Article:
Violin Bow hold: Bend Thumb All the Way to Hair?

March 31, 2021, 1:34 PM · How do you hold the bow? Do you bend the thumb all the way to the hair?

"How to hold the bow" can be one of the most confusing things about playing the violin, especially in the beginning. There are certain conventions in holding the bow that have emerged over many years as most effective. Holding the bow in an effective way will allow the player to use the bow with both flexibility and strength, while also being able to advance to more complicated and interesting bow strokes. An ineffective bow hold can impede ease of playing, and it can impede progress.

Proper finger placement is an important part of attaining a highly effective bow hold. However, obsessive finger-placing can also have the opposite effect. If fingers are stubbornly glued to one certain place, in one certain formation, the hand can become rigid and unyielding. Anything that turns a "bow hold" into a "bow grip" is problematic - the hand has to be ever-flexible and yielding, taking a different shape from frog to tip.

This unfortunately can be the case in the common instruction to bend the bow thumb all the way to the hair. It's an instruction that can be easily misunderstood. So I'd like to show you a few of the ideas and concepts behind this idea, so that you can use it most effectively for yourself and/or your students.

The idea behind "bending the thumb to the hair" is primarily to keep the thumb flexible and curved, so that it never gets locked into a straight position, particularly at the frog.

But obsessive adherence to the "thumb bent all the way to the hair" idea can cause almost as much tension as the "locked-straight" thumb. At the frog, the thumb easily bends to the hair. But at the tip, depending on your hand, this can be nearly impossible and it can impede the natural movement of the hand. So at the tip, the thumb will likely still be bent at least a little bit, but it may not be bent all the way to the hair. I'm here to tell you: that is okay! (As long as it doesn't get "locked" in a straight position!)

Whether the thumb can be bent all the way to the hair also depends on the tilt of the bow. (In fact, I've often suspected that the instruction to bend the thumb to the hair is also simply a sneaky way to get students to tilt their bows.)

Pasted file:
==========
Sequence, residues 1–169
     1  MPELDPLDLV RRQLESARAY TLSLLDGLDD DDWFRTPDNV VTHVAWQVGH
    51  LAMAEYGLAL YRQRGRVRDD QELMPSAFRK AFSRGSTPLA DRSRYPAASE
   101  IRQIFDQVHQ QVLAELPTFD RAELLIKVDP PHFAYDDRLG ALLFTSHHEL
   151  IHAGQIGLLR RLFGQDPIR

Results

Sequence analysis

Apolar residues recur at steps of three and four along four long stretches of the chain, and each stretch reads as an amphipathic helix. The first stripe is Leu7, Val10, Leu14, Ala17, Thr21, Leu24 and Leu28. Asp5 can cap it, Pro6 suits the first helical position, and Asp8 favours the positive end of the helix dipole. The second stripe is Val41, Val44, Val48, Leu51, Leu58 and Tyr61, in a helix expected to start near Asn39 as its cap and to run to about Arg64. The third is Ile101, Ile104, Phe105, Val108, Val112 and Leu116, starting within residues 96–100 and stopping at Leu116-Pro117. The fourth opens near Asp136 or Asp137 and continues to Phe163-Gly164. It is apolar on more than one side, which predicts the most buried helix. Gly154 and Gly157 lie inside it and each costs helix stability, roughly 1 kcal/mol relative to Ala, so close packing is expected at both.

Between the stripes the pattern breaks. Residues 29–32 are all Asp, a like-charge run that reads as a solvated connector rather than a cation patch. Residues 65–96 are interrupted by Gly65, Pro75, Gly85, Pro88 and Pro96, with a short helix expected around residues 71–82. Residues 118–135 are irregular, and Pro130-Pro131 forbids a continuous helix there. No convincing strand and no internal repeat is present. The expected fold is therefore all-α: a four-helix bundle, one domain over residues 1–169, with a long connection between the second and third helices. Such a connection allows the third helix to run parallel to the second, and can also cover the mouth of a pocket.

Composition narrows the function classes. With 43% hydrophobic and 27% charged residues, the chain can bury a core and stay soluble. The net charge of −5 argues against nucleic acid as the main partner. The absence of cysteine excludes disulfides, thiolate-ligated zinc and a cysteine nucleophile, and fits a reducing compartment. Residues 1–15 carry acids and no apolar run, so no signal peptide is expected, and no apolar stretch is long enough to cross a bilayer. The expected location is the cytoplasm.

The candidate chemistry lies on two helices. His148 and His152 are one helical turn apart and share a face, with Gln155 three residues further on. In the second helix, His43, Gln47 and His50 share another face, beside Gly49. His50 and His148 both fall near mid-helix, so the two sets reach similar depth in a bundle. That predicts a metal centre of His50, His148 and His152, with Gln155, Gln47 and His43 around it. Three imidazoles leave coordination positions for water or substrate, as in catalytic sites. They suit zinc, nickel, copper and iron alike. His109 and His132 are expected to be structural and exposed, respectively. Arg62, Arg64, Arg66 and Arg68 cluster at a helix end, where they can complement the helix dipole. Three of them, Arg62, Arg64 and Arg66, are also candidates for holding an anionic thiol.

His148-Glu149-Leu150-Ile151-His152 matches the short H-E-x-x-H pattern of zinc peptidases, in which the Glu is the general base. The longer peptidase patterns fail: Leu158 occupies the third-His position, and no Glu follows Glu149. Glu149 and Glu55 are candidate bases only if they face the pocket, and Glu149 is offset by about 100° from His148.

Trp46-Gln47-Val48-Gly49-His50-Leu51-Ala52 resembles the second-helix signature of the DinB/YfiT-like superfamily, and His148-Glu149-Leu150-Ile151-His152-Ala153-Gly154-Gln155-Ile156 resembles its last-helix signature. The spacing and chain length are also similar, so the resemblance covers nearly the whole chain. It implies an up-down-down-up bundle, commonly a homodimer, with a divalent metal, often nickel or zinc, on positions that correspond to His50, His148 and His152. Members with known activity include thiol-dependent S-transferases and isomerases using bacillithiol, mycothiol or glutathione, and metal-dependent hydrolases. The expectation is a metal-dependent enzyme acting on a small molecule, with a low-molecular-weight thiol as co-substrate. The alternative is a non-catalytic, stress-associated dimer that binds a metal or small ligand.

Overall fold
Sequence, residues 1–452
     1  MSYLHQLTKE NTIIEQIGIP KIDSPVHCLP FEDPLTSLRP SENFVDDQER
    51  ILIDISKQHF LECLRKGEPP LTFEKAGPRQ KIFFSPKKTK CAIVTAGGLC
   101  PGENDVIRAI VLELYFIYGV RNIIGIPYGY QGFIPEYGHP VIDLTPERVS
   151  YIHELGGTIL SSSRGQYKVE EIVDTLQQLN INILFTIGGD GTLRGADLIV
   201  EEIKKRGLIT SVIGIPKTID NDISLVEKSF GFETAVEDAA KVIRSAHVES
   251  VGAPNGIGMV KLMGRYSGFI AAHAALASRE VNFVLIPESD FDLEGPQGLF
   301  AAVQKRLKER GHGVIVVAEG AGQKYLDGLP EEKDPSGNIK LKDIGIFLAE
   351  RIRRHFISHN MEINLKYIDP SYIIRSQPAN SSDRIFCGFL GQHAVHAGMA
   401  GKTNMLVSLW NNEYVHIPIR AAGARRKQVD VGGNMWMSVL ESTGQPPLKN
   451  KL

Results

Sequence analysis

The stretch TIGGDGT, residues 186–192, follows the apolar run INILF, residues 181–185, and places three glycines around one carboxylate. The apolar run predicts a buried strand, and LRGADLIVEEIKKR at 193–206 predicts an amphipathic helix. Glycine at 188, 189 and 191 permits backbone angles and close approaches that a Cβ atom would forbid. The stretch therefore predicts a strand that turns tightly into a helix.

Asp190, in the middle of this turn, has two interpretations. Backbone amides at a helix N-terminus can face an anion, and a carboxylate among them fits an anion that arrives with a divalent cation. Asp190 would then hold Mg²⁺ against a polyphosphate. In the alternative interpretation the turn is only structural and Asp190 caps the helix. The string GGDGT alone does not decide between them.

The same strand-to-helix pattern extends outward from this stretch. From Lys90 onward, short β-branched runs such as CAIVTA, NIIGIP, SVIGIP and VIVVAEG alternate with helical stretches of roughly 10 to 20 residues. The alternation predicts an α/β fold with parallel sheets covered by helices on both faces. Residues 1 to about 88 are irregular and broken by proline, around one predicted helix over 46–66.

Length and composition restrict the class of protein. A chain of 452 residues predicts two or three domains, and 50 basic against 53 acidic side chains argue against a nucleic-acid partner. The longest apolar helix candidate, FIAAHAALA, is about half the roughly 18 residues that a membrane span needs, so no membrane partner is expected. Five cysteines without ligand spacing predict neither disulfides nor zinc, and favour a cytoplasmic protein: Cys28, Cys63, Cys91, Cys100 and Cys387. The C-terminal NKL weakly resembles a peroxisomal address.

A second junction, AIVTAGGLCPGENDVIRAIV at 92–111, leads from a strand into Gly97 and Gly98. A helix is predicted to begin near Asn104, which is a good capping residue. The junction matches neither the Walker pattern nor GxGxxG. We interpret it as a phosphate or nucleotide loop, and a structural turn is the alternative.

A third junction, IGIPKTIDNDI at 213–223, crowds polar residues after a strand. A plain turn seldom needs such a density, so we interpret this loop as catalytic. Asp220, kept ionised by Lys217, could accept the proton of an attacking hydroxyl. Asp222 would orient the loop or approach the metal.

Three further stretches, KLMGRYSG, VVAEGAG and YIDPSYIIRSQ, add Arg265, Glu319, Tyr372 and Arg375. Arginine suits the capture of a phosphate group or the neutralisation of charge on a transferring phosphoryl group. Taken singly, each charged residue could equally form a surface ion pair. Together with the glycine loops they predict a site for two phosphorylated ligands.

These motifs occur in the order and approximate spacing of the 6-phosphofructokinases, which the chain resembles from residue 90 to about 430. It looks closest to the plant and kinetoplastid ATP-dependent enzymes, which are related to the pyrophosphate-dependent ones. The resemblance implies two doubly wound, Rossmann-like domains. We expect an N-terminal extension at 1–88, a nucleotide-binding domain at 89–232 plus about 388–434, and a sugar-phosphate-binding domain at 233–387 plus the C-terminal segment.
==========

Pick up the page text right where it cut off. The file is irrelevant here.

For normal playing, the stick of the bow is typically tilted forward, with the hair more inward. This puts the hand into a nice, natural "hanging" position, and it makes it very easy to bend the thumb to the hair. If you are having trouble bending your thumb enough to touch the hair, check your bow tilt. Particularly if you are tilting the stick backwards toward yourself (not recommended), this will affect your bow hand and thumb.

When the hair is more flat - either by mistake, or by intention for certain bow strokes, the thumb is in less of a position to bend to the hair. Depending on the size and shape of your hand, the hand may have to actually bend backwards in an unnatural way, in order to make the thumb touch the hair. That can cause unnecessary tension and angling in the wrist. In that case, a better solution - if your intention is to keep the hair flat - is to roll the stick out a bit, still keeping the thumb bent, while not insisting that the thumb be against the hair.

In the end, we're aiming for a natural and flowing movement of the hand and arm - all while holding one end of a long stick. A good "bow hold" helps maximize the possibilities for movement of the hand and arm, while keeping enough strength and security to avoid dropping the stick. A bent thumb will help, as long as it does not become its own source of unnecessary tension.

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Replies

March 31, 2021 at 10:13 PM · Beautifully explained and demonstrated. Bravo, Laurie!

April 1, 2021 at 03:55 AM · Mr. Galamian (famed for his ability to develop the bow arms of his pupils) must not have known what he was doing — his book is full of references to the bow grip! ??

April 1, 2021 at 05:25 AM · In Galamian’s time people regularly used the term “bow grip” - but it’s easy to understand why I (and many other teachers) now prefer the term “bow hold.” The word “grip” literally means to seize and hold tightly, and so it is not the best word for a well-balanced and flexible way of holding the bow. I imagine Galamian would agree with this logic - he did not advocate for a stiff and unyielding hold on the bow, after all. Galamian also was not a native English speaker, so he might not have been thinking in great detail about the semantics of his use of the term “grip.” As someone who studied for 10 years with two Galamian protégés and read Galamian’s book, that’s my view.

April 3, 2021 at 12:51 AM · Laurie, This is very consistent with what I was taught over 50 years ago, when I was first starting out at age 7. My teacher always told me that if my thumb on the bow felt cramped/locked, it wasn't good. Thanks for the reinforcement all these years later! It's something I watch out for to this day.

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